Kerstin Brätsch & Debo Eilers
In 2013 I was interning at a gallery downtown. It was my introduction to the contemporary art world, outside of the college art history classes which I found difficult to understand. That summer is blurry in my memory and was unhinged upon revisiting my journal from that time, marked with friendship turmoil, a night spent in jail from which I went straight to work after hurriedly re-lacing my shoes outside the precinct, errant cringey hookups, and falling asleep at my job in the library. But here at the gallery, I wanted to be professional, or at least learn what that meant.
We were preparing for a show by a collective called KAYA. I was unclear on what a collective was. The gallerists informed me that a teenage girl named Kaya would soon arrive, and that I should hang out with her because she was close in age to me. I wasn’t sure what to talk about with her, but made my best effort. The other two artists, Kerstin Brätsch and Debo Eilers, I did not speak to much at all. Hanging throughout the gallery from thick black belts strapped to metal grab bars were transparent plastic sheets with gradient colored brush strokes pushed across their surfaces. A black metal staircase covered in silver sharpie scrawls spiraled into the ceiling to form a column in the middle of the gallery. It reminded me of my high school boyfriend. I had the feeling that the marks were Kaya’s.
I had been working for Kerstin for a little bit over a year when KAYA had their show at 47 Canal. A weird confluence of relationships cohered in the project as I had done a performance at 179 Canal, the precursor to 47 Canal, a few years prior with my own collaborative group. Confusing and adding onto the many personalities that KAYA worked through in the exhibition, a drag performance by me was proposed to activate the space; my stage was to be a spiral staircase that wound into the ceiling leading to nothing. An in-between space that made no sense.
I was tasked by Margaret, one of the gallerists, to run out to buy a pair of biker shorts because she would be part of that evening’s performance which involved throwing dice on the floor, and didn’t want to flash people in her dress. The performance involved gambling. I was unclear on what “performance” meant. When I returned, piles of large medieval looking golden coins sat alongside the ingredients for Aperol Spritz and pitchers of spiked gazpacho that Margaret had made, which I was to bartend that evening. I was curious about what either of these drinks were.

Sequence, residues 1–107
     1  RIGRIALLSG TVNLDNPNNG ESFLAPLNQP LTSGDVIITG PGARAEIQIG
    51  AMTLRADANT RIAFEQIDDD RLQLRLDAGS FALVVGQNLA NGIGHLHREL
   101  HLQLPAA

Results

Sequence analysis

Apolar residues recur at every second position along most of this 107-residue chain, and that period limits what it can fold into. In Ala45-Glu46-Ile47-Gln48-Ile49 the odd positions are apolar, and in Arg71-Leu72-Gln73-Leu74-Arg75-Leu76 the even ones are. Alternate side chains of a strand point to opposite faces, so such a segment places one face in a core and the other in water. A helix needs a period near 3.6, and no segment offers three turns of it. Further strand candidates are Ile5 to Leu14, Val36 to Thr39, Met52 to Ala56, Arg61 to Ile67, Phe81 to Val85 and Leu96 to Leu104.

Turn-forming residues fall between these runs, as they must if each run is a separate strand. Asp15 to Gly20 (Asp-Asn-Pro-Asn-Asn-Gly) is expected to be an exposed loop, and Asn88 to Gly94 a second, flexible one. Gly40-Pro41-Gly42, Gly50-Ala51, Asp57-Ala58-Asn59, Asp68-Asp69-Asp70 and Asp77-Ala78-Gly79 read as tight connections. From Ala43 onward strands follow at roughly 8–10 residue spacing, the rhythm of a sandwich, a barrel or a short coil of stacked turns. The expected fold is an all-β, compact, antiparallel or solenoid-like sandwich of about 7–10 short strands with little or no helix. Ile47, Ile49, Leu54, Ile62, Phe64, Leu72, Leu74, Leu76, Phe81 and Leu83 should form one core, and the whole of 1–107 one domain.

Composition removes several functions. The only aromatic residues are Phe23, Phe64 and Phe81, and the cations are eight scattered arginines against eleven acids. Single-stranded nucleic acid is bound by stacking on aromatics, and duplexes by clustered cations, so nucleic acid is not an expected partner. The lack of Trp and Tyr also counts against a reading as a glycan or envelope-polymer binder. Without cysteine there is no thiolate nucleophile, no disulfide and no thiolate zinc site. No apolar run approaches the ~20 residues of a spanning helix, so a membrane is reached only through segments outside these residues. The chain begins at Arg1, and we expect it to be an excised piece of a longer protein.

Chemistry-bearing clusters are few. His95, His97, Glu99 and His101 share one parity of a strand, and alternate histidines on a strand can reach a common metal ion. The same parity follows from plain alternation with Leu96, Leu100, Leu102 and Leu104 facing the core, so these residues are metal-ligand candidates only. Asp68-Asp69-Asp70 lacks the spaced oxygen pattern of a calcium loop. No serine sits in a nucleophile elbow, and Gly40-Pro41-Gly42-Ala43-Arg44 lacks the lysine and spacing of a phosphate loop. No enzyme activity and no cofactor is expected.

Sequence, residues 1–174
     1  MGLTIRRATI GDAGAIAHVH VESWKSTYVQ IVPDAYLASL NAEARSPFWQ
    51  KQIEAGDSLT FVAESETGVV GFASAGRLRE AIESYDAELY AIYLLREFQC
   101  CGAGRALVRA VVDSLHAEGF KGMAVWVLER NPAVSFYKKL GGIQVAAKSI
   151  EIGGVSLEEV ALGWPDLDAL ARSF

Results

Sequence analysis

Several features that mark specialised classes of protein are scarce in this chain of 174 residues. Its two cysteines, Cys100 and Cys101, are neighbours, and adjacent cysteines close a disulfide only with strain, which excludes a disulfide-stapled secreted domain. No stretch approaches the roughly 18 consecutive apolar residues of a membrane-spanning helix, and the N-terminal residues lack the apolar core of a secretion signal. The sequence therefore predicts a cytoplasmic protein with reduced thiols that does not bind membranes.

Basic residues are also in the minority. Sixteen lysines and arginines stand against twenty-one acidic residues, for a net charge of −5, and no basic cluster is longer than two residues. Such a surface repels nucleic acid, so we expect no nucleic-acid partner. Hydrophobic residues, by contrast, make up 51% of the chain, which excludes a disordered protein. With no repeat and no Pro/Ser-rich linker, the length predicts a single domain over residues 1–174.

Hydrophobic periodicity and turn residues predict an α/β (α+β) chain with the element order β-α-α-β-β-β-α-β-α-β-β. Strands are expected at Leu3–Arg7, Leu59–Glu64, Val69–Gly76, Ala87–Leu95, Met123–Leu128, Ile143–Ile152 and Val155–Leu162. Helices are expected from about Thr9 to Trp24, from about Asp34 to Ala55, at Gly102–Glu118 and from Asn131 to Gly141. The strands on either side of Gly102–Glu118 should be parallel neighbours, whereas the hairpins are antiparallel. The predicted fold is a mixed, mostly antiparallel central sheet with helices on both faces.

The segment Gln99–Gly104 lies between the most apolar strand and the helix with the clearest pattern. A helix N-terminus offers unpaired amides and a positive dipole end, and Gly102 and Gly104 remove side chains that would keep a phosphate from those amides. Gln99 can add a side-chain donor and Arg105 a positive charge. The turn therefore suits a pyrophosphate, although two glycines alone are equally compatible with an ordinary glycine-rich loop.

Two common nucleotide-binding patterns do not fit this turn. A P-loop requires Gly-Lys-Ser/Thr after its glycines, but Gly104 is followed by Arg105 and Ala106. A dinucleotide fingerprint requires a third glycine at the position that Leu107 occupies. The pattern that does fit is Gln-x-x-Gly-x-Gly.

At the time I was obsessed with a certain television show that was beginning to popularize drag performance in American culture. I had always worn women’s clothing starting in high school, but that mostly extended to pants and shirts that didn’t reach fully into dresses. I knew my slender frame would look amazing in a specific floor length black silk chiffon slip dress that my friend owned and I partially took on the performance so I could wear it. In the end, I wasn’t great at performing or lip syching as I was inexperienced, but Kerstin and Debo liked my nervous energy that made people uncomfortable as they watched me.
This summer 2023, ten years later, I bartended for the second time in my life, again for KAYA and Margaret. Daniel and I had become friends some time after KAYA’s performance, and formally began working together in 2020 as part of a four person collective called CFGNY alongside Kirsten Kilponen and Tin Nguyen. CFGNY curated KAYA and Margaret into a two person show together in NYC. Through this action a time loop was made. Or, maybe I only became aware of a continuous luminance that had flowed along the passing years, like a comet’s trail re-emerging along its wandering path. Informally, we referred to it as our “mentors show.”
The gambling took place in the back room over a tiled sculpture with gooey rainbow grout. Someone may have been crawling around inside of it, but I couldn’t tell because I was serving drinks. At this point the gallery had become very loud. Everyone was trying to win one of the plastic paintings strapped with bondage belts. I was instructed to only give drinks to those who offered me a gold coin in exchange, but one man kept pestering me for free drinks. Combative due to the chaos of my personal life that summer, I yelled at him, and he slunk off. Someone informed me that he was an important collector. Ten years ago, I didn’t know or care what “collector” meant. I had drunk a lot of gazpacho. Someone won the artwork.
Watching KAYA work through its many forms, the visceral relationships that it cultivated through its practice, helped me think through the body in relation to art. How can art not only refer to the body, but actively inform the work through its presence as a messy and uncontrollable force that brings art away from a preciousness and allows it to leak out into the world. How this leakage bleeds out more beautifully when more and more voices contribute to something that resembles a collective.
When you add more and more people into dialogue, or even into a room together, the edges of an individual’s narrative get wobblier and the opportunities for leakage multiply. An attempt can be made at giving shape to an amalgamated form by guiding it with restrictions: a bear confined to a shower, a message inscribed within a poster, gambling probabilities, distorted vocalizations; the ever-present force of the market around which generative energy spurts out. When a critical mass is reached, what initially begins as an individual’s process of translation becomes the polyphonic transmission of a new language.
Ten Azu and Daniel Chew, August 2023